The names of 10 new astronauts were announced Wednesday by NASA and Boeing, the companies that will compete to transport astronauts to and from the International Space Station.
Among the 10 new recruits are college students and Nasa veterans.
Joining with Boeing will be astronauts from six Nasa astronaut corps that have all been graduates of the Johnson Space Center in Houston. The 10 astronauts will meet later this month in Huntsville, Alabama for initial training at the same facility that produced the Apollo moon landers and the space shuttle. They will undergo five months of intensive training, to be split between training facilities in Houston and Boeing’s Starliner Launch Pad in Mississippi.
The new recruits are assigned to crews of three astronauts, including one or two flying station-flown “experts” as well as a crew member who is either a NASA veteran or trained in a different mission.
“This is a really great time to be an astronaut because we have a different method of flying than we have had in the past,” said George Zamka, NASA program manager for exploration systems. “It’s one that does have a lot of safety and reliability benefits.”
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The 11 new astronauts are listed below, with the addition of the six.
• Megan McArthur is the youngest woman to ever be selected for NASA training. She is a former test pilot who flew multiple types of rockets in support of NASA’s long-range studies and with the National Reconnaissance Office. McArthur has flown in the shuttle and International Space Station programs and is now studying for a masters degree in aerospace engineering at St Andrews University in Scotland.
• Kimiya Yui is a military officer who left the Air Force to join NASA in 2013. Yui flew on the ground operations portion of the space shuttle Discovery’s final mission in 2011. He holds a bachelor’s degree in engineering from Duke University and a master’s in engineering science from the University of Houston.
• Jack Fischer is a Navy veteran of Operation Enduring Freedom. He received a master’s degree in aeronautical engineering from the University of Utah and then became an active-duty navy officer. In 2018, Fischer joined NASA’s astronaut corps.
• Gregory H. Johnson is an associate professor of mechanical engineering at Johns Hopkins University, where he holds joint appointments with the university’s Applied Physics Laboratory and MIT’s Lincoln Laboratory. Johnson flew on the International Space Station in 2014 on a space station station mission with the European Space Agency. He is a graduate of the US Air Force Academy and the University of Wisconsin-Madison.
• Clay Anderson is a retired US Navy lieutenant commander who served as the program’s chief flight controller on the space shuttle Endeavour’s final mission in 2011. He earned a bachelor’s degree in computer science from the University of Missouri-Columbia, and a master’s and doctorate in civil engineering from Purdue University. Anderson spent several years of active duty flying F/A-18s, as well as time in the US Air Force.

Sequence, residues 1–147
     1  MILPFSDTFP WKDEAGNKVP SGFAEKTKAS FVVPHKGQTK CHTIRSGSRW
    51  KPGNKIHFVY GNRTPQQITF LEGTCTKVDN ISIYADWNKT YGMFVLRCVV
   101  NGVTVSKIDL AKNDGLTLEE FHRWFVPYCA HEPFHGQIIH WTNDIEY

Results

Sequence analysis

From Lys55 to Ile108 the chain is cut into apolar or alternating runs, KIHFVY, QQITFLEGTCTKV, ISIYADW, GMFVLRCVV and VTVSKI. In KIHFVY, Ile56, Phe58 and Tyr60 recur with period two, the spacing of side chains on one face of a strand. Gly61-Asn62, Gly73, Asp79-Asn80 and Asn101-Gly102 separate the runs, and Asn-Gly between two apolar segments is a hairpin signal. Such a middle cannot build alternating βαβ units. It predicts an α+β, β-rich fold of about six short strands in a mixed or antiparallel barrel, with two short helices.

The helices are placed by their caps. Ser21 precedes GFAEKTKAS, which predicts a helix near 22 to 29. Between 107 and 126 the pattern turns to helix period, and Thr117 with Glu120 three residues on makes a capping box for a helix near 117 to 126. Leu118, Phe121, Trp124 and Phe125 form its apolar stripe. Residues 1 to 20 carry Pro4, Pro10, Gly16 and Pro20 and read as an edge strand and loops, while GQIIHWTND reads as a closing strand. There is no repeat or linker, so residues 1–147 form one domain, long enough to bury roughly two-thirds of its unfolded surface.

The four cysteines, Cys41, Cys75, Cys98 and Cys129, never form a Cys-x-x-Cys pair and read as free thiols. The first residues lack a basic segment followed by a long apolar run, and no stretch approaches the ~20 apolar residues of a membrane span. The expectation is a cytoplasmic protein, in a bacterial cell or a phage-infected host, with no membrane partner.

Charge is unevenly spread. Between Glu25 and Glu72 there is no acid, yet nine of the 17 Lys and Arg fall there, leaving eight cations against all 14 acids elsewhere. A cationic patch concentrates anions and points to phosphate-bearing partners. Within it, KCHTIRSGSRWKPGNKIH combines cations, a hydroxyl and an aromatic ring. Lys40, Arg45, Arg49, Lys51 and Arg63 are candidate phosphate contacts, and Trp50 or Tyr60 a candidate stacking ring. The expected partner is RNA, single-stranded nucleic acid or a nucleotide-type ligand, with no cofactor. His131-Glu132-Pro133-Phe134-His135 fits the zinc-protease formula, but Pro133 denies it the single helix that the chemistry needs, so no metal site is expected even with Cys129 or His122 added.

• Ryan Forrester is a veteran of eight years of pilot training with the US Coast Guard and a US Navy rescue swimmer. He earned a bachelor’s degree in physics from the University of North Carolina-Chapel Hill, and graduated from Naval Station Norfolk and the US Naval Academy.
• Raymond L Barnett has also served in the US Coast Guard and the National Aeronautics and Space Administration. He earned a bachelor’s degree in physical science from Texas A&M University and a master’s in civil engineering from Johns Hopkins University. He was awarded a command and command staff commission by the Coast Guard and is currently stationed in Washington, DC.
• Bob Behnken is a former military officer, who has served in the US Coast Guard and the United States Navy. During his career, Behnken commanded the Coast Guard cutter Chickasha in Lake Champlain, New York, and the Coast Guard cutter Tahoma in Puget Sound, Washington. Behnken trained aboard the National Security Cutter Monomoy in March 2018, during his last weeks of active duty. He is a graduate of the US Naval Academy and is now with NASA.
• Jeff Williams is a NASA veteran, who has logged more than 538 hours in space as a member of the US space shuttle Discovery, and on its most recent mission, STS-133. Williams is scheduled to launch on his fourth space mission in July. He holds the space agency’s record for most consecutive hours in space by a US astronaut, and has logged more than 34 million miles in space. Williams has his bachelor’